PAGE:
A slightly tatty union jack flutters at half mast outside Andrew Brownlee's house in Stanley.
All flags are worn by the wind here, but they're flown with chest-swelling pride.
Inside, the Brownlees, like most Falklands families, are sitting in front of their television, watching the funeral from Saint Paul's.
Eight thousand miles of Atlantic Ocean may separate them geographically, but in spirit, these Islanders are part of the congregation.
"Margaret Thatcher gave us two things," Andrew tells me. "Our liberty and our future. And we'll always be grateful for that."
I leave his house and make my way along Stanley's tidy seafront. At Christ Church Cathedral I find Rev. Richard Himes putting the finishing touches to a sermon he's preparing for the Falklands' own memorial service this afternoon.
A quiet man with a broad smile, he has a lot on his mind. In an hour or so the church will be full to bursting. A big screen has been erected in a separate hall in case the congregation spills over.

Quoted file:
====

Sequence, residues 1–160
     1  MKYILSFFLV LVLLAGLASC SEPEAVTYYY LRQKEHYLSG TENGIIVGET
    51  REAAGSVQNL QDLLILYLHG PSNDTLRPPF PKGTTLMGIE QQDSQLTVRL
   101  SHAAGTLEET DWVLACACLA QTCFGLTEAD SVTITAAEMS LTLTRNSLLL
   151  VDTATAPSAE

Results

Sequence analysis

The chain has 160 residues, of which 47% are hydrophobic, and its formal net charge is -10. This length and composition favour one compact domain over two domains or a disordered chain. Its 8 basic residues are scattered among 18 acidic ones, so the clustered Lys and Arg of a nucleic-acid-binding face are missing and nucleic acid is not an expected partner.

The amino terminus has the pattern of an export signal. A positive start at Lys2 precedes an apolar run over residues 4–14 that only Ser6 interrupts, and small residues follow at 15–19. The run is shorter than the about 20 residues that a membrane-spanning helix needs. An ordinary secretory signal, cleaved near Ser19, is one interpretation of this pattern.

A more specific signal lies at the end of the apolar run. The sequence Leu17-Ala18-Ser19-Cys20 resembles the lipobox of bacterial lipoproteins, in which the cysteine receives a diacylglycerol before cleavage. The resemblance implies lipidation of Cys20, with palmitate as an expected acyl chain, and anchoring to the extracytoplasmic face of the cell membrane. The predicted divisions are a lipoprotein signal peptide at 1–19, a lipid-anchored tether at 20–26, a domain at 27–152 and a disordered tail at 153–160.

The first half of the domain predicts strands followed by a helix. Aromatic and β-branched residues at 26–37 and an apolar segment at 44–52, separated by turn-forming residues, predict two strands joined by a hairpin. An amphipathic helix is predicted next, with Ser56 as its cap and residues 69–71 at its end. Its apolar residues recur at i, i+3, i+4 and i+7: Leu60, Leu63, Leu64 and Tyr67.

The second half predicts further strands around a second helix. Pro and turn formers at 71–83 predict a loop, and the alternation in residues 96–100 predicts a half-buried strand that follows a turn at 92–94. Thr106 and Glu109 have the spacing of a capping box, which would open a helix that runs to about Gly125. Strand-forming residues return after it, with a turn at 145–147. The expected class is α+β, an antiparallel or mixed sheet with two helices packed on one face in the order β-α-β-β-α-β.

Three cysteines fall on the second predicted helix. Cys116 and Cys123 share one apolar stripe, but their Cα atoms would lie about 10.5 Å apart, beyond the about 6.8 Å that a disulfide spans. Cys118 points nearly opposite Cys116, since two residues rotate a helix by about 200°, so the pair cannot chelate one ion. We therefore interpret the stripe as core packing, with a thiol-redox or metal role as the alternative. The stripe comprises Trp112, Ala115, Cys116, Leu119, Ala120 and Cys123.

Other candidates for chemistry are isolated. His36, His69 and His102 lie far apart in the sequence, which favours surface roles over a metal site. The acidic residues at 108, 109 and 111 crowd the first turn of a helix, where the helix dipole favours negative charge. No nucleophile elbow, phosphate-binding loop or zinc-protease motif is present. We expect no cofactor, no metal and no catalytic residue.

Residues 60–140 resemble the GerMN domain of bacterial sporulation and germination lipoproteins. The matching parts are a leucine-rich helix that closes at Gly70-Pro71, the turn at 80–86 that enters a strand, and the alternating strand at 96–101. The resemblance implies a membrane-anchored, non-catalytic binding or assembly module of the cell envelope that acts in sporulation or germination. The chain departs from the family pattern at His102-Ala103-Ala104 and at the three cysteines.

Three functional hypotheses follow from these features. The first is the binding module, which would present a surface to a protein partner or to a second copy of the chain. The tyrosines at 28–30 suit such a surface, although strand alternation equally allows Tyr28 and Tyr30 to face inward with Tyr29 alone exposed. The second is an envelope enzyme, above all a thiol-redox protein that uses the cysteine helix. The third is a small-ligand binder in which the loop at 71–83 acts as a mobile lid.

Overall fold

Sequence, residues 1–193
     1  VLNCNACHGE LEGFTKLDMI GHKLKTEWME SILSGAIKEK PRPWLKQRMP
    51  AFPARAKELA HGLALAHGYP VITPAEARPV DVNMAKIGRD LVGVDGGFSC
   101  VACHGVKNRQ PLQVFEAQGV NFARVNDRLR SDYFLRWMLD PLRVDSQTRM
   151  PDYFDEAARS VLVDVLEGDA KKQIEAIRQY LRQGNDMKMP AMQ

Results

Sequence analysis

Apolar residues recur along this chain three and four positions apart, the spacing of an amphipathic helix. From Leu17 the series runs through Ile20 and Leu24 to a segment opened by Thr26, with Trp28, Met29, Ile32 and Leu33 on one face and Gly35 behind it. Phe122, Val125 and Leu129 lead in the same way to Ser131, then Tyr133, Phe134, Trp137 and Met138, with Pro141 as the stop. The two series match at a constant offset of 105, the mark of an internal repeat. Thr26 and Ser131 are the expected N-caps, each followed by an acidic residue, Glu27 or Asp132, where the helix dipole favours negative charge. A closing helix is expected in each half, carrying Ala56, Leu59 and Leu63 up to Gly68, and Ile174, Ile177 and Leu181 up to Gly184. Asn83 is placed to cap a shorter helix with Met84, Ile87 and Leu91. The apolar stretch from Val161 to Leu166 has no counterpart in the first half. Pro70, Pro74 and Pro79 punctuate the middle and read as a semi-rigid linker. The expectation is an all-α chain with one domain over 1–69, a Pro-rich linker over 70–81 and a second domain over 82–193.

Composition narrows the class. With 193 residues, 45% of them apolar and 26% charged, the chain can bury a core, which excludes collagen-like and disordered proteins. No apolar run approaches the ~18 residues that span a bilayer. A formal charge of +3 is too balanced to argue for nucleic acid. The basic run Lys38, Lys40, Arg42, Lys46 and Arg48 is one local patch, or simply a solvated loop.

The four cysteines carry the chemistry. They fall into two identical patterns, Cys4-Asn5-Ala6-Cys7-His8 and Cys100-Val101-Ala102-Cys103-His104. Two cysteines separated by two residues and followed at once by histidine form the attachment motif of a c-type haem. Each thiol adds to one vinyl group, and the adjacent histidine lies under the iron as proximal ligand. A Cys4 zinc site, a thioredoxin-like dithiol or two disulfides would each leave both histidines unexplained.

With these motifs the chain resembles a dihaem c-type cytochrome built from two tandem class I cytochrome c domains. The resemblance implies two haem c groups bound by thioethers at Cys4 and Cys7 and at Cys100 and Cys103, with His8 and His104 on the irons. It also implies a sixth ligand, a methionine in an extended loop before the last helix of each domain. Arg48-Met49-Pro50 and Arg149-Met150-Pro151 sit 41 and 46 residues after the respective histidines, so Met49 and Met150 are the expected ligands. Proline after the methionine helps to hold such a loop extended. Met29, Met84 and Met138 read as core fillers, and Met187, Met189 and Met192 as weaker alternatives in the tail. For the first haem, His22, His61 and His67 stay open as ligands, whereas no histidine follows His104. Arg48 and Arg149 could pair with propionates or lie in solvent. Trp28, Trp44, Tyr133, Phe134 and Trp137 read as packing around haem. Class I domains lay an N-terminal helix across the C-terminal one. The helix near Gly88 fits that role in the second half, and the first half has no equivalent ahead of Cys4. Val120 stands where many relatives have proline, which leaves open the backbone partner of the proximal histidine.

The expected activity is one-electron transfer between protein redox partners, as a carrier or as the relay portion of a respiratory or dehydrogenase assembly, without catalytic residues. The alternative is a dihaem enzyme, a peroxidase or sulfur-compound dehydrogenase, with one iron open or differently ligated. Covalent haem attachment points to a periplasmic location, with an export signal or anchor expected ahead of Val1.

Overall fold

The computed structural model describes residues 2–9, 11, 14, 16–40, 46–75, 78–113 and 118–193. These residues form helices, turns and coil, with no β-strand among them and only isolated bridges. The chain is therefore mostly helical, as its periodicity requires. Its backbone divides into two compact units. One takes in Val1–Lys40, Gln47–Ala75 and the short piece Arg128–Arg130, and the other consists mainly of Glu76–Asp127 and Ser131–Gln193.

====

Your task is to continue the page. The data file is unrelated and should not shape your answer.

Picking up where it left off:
"I've had 500 orders of service printed he tells me, but people may have to share," says the Reverend.
"Hang on," I say, "500 people is almost a quarter of the Falklands population."
"Yes", he replies, "Mrs Thatcher was really very popular here."
It's no wonder, really. These Islanders have long memories and the events of April 2nd 1982 are still fresh in many minds.
That was the day of the Argentine invasion, the day they thought their lives would change forever. But ignoring the advice of colleagues and allies, Mrs Thatcher ordered that a task force should set sail and set the Falklanders free.
The conflict cost the lives of 255 British servicemen, more than 600 Argentinians and three Islanders. Ten weeks after it was lowered, the Union flag was raised once again over Stanley.
Much has changed here in the 31 years since the conflict. Fishing rights and new found oil fields have made the Falklands rich. The Islanders have a rosy future on this barren outpost of Britain.
They owe all that, they say, to just one woman. Today they paused to reflect on that, and to remember.